Mizoguchi is best remembered for his historical and poetic epics. Films like Sansho the Bailiff and Ugetsu have helped shaped his image as a filmmaker whose talents lie in that of his virtuoso camera movements. This wasn’t always the case, though, as for my money, his best work is the less expressive social dramas like Gion bayashi and Sisters of the Gion. By 1940, he was better known for the latter, though the release of Story of Last Chrysanthemums in 1939 was an excellent showcase for his talent with the camera. His next film, this two part epic, seems to have been the most visible shift in his style, taking a well known tale in Japan and making it unrecognizable through his distinct personal vision. It’s an impressive film from a technical standpoint, but it’s lacking in other fields.
Lord Asano seeks Lord Kira of the Shogun court for advice, but because Asano isn’t aware that he’s suppose to bribe Kira beforehand, he isn’t given substantial advice. Upset by Kira’s dismissive attitude, he attacks him, which ends up with Kira being wounded. The attempt at murder, especially against such a high-ranking official as Kira, within the court is punishable by an order to commit suicide. Asano’s retainers, following the protocol of bushido and general loyalty, attempt to seek vengeance against Kira. They are surprised to find that their cause is actually supported and condoned within the system, even as those supporting individuals cannot publicly express this.
There is an awhile lot of subtext in this story, and it would be wise for one to familiarize themselves with the story of the 47 Ronin. Additionally, the film’s production could also use some context. The intentions of adapting the story was definitely nationalistic, even as the end product might not have shown such a stance (more on this later) and while part one lost an enormous amount of money, the Shochiku company was pressured by the military to distribute part two. This was brought on by Shochiku’s notable lack of national policy films at the time. This seems like a lot of red tape I’m going through without even getting to the meat of the film, but it’s important. While Seika Mayama’s adaptation of the story (which Mizouchi’s films is based on) is fairly revisionist, it was still seen as a suitable source of national pride.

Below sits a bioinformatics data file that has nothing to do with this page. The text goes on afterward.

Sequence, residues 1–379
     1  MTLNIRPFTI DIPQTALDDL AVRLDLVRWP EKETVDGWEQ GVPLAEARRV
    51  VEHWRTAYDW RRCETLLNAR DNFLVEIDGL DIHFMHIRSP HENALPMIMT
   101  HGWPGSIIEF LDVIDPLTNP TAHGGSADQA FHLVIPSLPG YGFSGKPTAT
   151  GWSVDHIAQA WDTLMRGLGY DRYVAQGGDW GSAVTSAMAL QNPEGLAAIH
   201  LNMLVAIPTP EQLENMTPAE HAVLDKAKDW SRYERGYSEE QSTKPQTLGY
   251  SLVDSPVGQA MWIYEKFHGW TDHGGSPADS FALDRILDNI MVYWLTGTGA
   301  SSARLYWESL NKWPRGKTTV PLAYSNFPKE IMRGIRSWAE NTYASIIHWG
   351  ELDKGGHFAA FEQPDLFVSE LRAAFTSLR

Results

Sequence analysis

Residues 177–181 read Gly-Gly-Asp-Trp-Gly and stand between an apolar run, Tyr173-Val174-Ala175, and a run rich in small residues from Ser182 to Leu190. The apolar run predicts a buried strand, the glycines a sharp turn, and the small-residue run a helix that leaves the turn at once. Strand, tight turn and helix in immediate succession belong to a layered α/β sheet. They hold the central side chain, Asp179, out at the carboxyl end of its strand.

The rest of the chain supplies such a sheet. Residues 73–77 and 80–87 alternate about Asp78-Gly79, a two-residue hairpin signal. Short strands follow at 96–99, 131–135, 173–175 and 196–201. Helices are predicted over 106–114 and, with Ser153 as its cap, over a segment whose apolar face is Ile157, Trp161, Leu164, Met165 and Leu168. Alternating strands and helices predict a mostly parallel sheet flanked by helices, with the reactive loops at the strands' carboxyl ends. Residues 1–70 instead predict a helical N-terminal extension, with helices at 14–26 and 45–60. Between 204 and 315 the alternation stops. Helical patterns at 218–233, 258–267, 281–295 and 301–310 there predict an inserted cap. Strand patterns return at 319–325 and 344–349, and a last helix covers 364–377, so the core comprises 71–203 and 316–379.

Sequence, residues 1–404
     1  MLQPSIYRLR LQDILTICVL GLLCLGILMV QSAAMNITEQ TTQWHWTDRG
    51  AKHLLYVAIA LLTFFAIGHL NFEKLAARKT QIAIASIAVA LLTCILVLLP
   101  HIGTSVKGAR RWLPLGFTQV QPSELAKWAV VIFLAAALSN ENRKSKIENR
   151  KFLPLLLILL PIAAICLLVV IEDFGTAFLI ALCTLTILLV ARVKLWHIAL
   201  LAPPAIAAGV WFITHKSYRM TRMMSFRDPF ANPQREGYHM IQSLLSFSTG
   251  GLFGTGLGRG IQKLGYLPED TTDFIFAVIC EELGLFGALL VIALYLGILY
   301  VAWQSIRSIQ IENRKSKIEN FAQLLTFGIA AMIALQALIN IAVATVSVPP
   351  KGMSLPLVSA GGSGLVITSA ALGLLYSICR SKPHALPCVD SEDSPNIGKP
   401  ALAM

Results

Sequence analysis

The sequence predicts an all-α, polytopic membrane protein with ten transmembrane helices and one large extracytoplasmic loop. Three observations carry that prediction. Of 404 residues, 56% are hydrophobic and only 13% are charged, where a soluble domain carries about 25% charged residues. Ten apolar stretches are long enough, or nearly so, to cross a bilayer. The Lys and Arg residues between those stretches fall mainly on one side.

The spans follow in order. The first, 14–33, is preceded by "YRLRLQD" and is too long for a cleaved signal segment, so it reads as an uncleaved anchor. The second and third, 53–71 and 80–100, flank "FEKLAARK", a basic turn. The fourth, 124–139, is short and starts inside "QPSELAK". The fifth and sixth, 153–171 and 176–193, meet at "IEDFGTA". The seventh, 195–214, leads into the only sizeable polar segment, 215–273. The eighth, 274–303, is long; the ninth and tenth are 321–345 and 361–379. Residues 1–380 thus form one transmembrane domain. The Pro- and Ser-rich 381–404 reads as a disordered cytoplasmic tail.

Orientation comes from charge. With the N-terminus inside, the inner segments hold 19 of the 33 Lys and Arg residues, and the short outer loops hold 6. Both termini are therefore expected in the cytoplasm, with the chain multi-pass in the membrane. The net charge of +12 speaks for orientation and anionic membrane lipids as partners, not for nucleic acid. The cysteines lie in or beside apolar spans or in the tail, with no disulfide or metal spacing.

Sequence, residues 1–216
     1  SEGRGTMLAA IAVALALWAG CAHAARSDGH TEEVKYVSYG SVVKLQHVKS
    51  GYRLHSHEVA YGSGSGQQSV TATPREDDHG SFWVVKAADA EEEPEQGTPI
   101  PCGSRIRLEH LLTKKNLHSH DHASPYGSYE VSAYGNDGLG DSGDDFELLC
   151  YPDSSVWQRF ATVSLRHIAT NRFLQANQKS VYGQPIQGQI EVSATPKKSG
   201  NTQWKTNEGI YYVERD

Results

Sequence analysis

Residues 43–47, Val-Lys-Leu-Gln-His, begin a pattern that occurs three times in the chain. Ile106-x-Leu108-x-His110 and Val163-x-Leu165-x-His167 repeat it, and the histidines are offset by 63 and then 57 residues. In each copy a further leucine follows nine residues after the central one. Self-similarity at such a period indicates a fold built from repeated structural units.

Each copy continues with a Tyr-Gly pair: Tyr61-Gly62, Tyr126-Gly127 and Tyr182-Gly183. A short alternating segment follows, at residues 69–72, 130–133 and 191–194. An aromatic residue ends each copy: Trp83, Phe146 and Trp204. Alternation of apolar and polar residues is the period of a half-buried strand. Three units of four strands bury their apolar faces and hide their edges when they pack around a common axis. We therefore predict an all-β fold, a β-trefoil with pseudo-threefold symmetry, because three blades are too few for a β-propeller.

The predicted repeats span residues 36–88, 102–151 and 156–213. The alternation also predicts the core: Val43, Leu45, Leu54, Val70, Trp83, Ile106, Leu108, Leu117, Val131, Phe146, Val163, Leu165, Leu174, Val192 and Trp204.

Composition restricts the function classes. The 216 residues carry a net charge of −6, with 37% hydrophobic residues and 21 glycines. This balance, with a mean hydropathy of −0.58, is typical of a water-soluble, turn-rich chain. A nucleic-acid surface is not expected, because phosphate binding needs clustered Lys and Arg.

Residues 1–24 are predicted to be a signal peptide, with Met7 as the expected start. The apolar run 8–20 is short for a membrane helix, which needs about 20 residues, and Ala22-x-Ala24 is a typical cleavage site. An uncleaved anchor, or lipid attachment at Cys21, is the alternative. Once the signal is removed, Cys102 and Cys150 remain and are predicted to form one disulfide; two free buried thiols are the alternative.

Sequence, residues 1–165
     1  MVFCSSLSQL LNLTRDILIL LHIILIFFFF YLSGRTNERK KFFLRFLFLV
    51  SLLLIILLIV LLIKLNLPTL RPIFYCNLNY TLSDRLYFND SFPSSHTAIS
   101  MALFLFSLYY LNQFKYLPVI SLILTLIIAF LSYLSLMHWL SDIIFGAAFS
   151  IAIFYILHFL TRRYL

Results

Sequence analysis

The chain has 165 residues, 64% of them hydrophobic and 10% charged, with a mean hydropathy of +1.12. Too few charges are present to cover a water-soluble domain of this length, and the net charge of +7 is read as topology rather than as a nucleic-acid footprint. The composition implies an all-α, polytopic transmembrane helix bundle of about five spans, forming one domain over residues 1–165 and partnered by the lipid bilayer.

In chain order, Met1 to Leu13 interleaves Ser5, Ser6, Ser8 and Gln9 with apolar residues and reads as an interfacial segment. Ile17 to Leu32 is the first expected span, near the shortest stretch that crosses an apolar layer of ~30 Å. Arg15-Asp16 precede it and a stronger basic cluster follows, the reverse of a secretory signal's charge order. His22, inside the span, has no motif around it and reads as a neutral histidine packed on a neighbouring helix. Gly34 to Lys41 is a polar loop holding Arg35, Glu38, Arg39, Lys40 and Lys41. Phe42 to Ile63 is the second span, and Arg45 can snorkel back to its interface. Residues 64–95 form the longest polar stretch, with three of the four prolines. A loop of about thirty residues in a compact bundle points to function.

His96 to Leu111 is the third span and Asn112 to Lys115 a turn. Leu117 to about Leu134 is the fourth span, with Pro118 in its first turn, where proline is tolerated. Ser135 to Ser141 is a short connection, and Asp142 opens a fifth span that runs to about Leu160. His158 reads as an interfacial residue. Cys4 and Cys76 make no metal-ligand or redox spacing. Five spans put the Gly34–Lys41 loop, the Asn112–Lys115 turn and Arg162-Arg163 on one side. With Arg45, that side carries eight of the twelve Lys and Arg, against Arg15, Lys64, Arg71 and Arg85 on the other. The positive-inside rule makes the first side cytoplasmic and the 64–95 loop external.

The film doesn’t flow in the convincing manner that the military probably wanted, and one can’t help but think that Mizoguchi might have intentionally signed on to the project to subvert the tale. While this film, because of its length, might be too difficult for a beginner, it is a very accurate representation of Mizoguchi’s stylistic flourishes. The entire film, with the exception of some dull dialogue-driven scenes, seems to be based around elaborate tracking and crane shots. It’s fairly impressive, especially when the film’s set (designed by future filmmaker Kaneto Shindo) were constructed specifically to fit the movements of the camera.
It’s easy to underestimate Mizoguchi’s wizardry here. There’s two or three sequences here in particularly of such great beauty, that it isn’t difficult to divorce them from the film’s context. This feels necessary since the film’s context, the actual narrative that is, is not particularly exciting. Apparently, Mizoguchi cut several dialogue-driven scenes from Mayama’s source because he didn’t feel comfortable working with such expository sequences. I’m not one to criticize a filmmaker for what they left in, but there are several fairly long stretches in this film that revolve around conversations that serve just to forward the plot, which is bizarre enough considering how slowly the story unfolds. It seems that the dialogue necessary to tell such a story mostly just tripped up Mizoguchi and prevented him from making a film conceived entirely out of long tracking shots.
The film was intended to evoke bushido, “the way of the warrior” in the public and thus, remind them of their country’s military that they needed to support. One can’t blame Mizoguchi for wanting to ignore the military’s intentions for the film, but his disinterest doesn’t exactly subvert the theme of loyalty. As is the case, this film is technically dazzling but ideologically, at its best, it’s convoluted. One could argue it’s downright detestable, but that might be going too far. Shochiku had to make this movie or the military would have shut them down. It’s odd, though, because the film itself almost made the company go out of business with all the money it lost. A fascinating film, none the less, that’s a must for any Mizoguchi fan, but not one that should be a priority for anyone trying to familiarize themselves with the director.